Careful observation shows that most Gram-positive bacteria have only one membrane (see however the remark about Corynebacterineae below) which is thus neither an “inner” nor an “outer” membrane. It is a cytoplasmic (or plasma) membrane just as the “inner” membrane of Gram-negatives. In both cases, this cytoplasmic membrane contains phospholipids and many proteins, some of them included in large functional systems such as the flagellar motors, the respiratory electron transporting chains, components of the final steps of peptidoglycan biosynthesis and, in the case of phototrophic bacteria, the photosynthetic apparatus (with the possible exception of some cyanobacteria for which the continuity between the thylakoids and the cytoplasmic membrane remains a subject of discussion [5]). Many of these proteins contain membrane-embedded alpha helices. Although some phospholipids are present in the inner leaflet, the outer membrane of Gram-negatives has a completely different chemical composition [6]. It is highly asymmetric and contains some specific compounds such as Braun’s lipoprotein and glycolipids (among which, in the outer leaflet, the lipopolysaccharides) that are never found in the cytoplasmic membranes. Moreover, most outer membrane proteins exhibit beta barrel structures [6] that are never observed in other membrane proteins with the exception of those in the outer membranes of Corynebacterineae, mitochondria and chloroplasts [7-9].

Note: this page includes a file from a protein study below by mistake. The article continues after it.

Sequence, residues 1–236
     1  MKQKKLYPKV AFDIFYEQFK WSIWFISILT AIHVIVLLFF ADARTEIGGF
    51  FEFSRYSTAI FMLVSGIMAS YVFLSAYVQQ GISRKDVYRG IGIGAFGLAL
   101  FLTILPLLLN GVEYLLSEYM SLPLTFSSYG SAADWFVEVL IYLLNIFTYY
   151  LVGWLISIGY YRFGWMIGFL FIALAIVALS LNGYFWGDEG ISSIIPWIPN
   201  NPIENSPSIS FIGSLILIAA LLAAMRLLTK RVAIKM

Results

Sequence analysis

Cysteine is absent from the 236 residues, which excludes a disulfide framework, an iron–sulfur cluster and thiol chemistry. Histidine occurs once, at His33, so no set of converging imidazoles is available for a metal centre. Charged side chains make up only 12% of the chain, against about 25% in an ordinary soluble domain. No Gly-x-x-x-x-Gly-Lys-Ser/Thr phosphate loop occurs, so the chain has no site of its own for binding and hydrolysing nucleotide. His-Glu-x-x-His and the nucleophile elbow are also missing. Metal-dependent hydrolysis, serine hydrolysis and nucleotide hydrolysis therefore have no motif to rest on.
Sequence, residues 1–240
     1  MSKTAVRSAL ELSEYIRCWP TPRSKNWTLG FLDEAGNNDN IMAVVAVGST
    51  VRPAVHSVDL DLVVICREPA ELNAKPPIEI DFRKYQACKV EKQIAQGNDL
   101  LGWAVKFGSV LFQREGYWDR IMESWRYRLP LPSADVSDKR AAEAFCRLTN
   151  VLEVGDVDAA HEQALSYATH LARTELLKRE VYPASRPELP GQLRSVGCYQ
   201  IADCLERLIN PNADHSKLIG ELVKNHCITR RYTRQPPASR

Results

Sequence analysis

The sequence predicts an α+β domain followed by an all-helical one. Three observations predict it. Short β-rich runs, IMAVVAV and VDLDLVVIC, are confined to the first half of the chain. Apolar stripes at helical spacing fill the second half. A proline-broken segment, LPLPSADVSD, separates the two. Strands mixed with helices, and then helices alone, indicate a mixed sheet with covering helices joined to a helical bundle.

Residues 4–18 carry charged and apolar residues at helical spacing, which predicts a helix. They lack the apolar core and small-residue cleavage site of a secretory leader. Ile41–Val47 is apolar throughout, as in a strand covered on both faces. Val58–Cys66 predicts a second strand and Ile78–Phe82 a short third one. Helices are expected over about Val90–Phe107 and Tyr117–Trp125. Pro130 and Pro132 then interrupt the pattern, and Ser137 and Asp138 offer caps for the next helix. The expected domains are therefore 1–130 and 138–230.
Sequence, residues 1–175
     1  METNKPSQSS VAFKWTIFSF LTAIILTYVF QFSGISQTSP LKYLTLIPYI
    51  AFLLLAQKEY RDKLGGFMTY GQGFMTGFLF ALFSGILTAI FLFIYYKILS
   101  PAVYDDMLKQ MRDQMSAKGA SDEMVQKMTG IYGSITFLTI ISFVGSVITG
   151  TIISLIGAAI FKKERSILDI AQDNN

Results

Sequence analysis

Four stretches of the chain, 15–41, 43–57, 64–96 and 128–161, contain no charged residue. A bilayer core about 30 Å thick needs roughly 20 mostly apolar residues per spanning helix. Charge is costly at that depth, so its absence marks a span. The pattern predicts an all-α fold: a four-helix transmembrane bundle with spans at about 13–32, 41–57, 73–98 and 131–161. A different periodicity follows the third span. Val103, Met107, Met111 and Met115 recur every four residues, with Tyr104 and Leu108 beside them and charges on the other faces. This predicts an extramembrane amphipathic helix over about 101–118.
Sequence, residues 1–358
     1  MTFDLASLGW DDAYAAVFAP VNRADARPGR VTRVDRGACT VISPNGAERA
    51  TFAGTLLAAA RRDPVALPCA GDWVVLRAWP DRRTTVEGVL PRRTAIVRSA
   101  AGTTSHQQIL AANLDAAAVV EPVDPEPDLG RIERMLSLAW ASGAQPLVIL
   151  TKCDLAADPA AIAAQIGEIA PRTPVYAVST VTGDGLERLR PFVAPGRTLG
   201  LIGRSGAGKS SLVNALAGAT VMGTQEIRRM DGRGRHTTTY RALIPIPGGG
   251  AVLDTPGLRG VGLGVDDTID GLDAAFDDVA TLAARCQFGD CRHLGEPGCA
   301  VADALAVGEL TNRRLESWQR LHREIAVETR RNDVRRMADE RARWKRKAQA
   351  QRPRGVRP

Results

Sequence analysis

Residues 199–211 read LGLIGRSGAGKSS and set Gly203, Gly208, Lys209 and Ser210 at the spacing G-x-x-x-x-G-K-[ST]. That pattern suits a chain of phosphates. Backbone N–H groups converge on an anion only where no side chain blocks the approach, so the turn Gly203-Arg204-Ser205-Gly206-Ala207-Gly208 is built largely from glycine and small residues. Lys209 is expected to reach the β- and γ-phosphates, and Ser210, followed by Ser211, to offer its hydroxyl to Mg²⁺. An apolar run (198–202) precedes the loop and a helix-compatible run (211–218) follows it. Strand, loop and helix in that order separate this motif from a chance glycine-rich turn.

Mycobacteria and other Corynebacterineae are Gram-positives which exhibit an outer membrane containing mycolic acid and other complex lipids [10], but see also ref 2 for additional models of outer cell envelopes in prokaryotes). In contrast to those of Gram-negatives, their outer membranes appear to be rather symmetrical [6]. Interestingly, some proteins embedded in this bilayer also exhibit a beta-barrel structure [11], probably the result of convergent evolution.